About the Texas A&M Engineering Experiment Station (TEES)

As an engineering research agency of Texas, TEES performs quality research driven by world problems; strengthens and expands the state’s workforce through educational partnerships and training; and develops and transfers technology to industry. TEES partners with academic institutions, governmental agencies, industries, and communities to solve problems to help improve the quality of life, promote economic development and enhance educational systems. TEES, a member of The Texas A&M University System is in its 100th year of engineering solutions.

About The Texas A&M University System

The A&M System is one of the largest systems of higher education in the nation, with a budget of $4.2 billion. Through a statewide network of 11 universities, seven state agencies, two service units and a comprehensive health science center, the A&M System educates more than 137,000 students and makes more than 22 million additional educational contacts through service and outreach programs each year. Systemwide, externally funded research expenditures exceed $932 million and help drive the state’s economy.

Selected AP styles used in academic writing


Abbreviate titles when used before a full name: Lt. Gov., Rep., Sen. and certain military designations.

Abbreviate junior or senior after an individual’s name. Abbreviate company, corporation, incorporated and limited when used after the name of a corporate entity.

Generally, omit periods in acronyms unless the result would spell an unrelated word. But use periods in two-letter abbreviations: U.S., U.N., U.K., B.A., B.C. (Exceptions are AP, GI and EU.)

Academic degrees

Readers may not be familiar with academic degrees. Use a phrase instead of an abbreviation.

  • John Jones, who has a doctorate in psychology, said the study was flawed.

Use an apostrophe: bachelor's degree, master's degree, and so on.

Uppercase: Bachelor of Arts, Master of Arts, Doctor of Philosophy, and so on.

Use abbreviations such as B.A., B.S., M.A., M.S. and Ph.D. (with no spaces between letters) only when needed to identify many individuals by degree on first reference or if usage would make the preferred form cumbersome. Spell out all others. Use these only after the person's full name, and set the abbreviation off by commas.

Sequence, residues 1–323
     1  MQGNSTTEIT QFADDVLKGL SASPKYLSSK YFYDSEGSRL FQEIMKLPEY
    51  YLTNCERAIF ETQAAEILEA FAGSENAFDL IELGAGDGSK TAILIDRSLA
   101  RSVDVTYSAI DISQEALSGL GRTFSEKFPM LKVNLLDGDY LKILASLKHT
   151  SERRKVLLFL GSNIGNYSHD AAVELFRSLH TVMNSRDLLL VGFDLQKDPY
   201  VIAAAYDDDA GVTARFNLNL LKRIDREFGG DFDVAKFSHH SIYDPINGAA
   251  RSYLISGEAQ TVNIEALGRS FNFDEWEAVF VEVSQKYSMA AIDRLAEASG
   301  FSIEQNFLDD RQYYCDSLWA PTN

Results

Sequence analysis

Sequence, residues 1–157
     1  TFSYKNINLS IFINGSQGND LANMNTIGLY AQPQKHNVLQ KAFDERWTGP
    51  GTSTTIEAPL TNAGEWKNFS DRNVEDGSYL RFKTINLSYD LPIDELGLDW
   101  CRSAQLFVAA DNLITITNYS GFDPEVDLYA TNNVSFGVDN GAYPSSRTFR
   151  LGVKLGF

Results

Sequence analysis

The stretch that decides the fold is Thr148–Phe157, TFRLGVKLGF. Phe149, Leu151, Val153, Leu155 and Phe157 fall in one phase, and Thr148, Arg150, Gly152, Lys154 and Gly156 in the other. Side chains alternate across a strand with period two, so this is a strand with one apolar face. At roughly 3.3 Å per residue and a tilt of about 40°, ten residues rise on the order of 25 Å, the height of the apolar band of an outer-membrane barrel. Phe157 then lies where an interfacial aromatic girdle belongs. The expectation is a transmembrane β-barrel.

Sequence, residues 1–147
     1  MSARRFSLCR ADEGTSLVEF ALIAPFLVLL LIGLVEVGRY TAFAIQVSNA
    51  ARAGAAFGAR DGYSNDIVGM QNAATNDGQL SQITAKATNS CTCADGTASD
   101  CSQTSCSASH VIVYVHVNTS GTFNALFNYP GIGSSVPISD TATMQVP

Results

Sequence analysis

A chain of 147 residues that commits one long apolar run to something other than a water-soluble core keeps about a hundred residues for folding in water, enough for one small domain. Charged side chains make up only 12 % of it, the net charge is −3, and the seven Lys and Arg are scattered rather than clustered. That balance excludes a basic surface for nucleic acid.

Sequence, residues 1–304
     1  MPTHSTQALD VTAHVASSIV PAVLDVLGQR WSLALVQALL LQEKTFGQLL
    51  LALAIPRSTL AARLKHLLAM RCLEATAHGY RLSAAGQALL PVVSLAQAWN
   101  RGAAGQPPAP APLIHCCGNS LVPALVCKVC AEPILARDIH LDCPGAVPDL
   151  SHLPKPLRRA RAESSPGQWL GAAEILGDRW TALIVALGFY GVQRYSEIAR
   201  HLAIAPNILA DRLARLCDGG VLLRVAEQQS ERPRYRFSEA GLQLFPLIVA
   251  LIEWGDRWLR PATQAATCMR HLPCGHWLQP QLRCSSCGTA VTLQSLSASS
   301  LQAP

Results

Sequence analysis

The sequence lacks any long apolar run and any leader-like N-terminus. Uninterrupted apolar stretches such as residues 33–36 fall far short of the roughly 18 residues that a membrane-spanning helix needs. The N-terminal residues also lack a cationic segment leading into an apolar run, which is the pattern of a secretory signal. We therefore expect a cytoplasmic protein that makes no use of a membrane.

• John Wimberly, Ph.D., is president of the National Skydiving Association.

Academic titles

Lowercase and spell out titles when not used with an individual's name.

  • The dean provided a list of students.
  • The graduate assistant taught a class.
  • The chancellor will speak today at noon.

Capitalize and spell out when a title precedes a name.

  • Vice Chancellor and Dean Kathy Banks met with Senior Associate Dean for Academics Valerie Taylor yesterday.

Very long titles are more readable when placed after a name.

  • Cindy Lawley, assistant agency director for workforce development and assistant vice chancellor for academic and outreach programs,  nominated the student for a national award.


Adjunct refers to a temporary faculty appointment; lowercase.


Use advisor (not adviser) when referencing faculty or staff who advise students. This is a departure from AP style.


Always use figures.

  • The 19-year-old student took graduate-level courses.
  • The student, who switched his major 11 times, is 24 years old.
  • The dean is in his 50s. (No apostrophe)

Alumnus, alumna, alumni, alumnae

Alumnus (alumni in the plural) refers to a man who has graduated from a school. Alumna (alumnae in the plural, but rarely used) refers to a woman who has graduated from a school. Alumni refers to a group of men and women.

  • Although she was an alumna of Texas Southern University, she gave $1 million to Prairie View A&M University.
  • She joined a dating service for alumni of certain universities.


In most cases, the less formal bachelor's degree is preferred.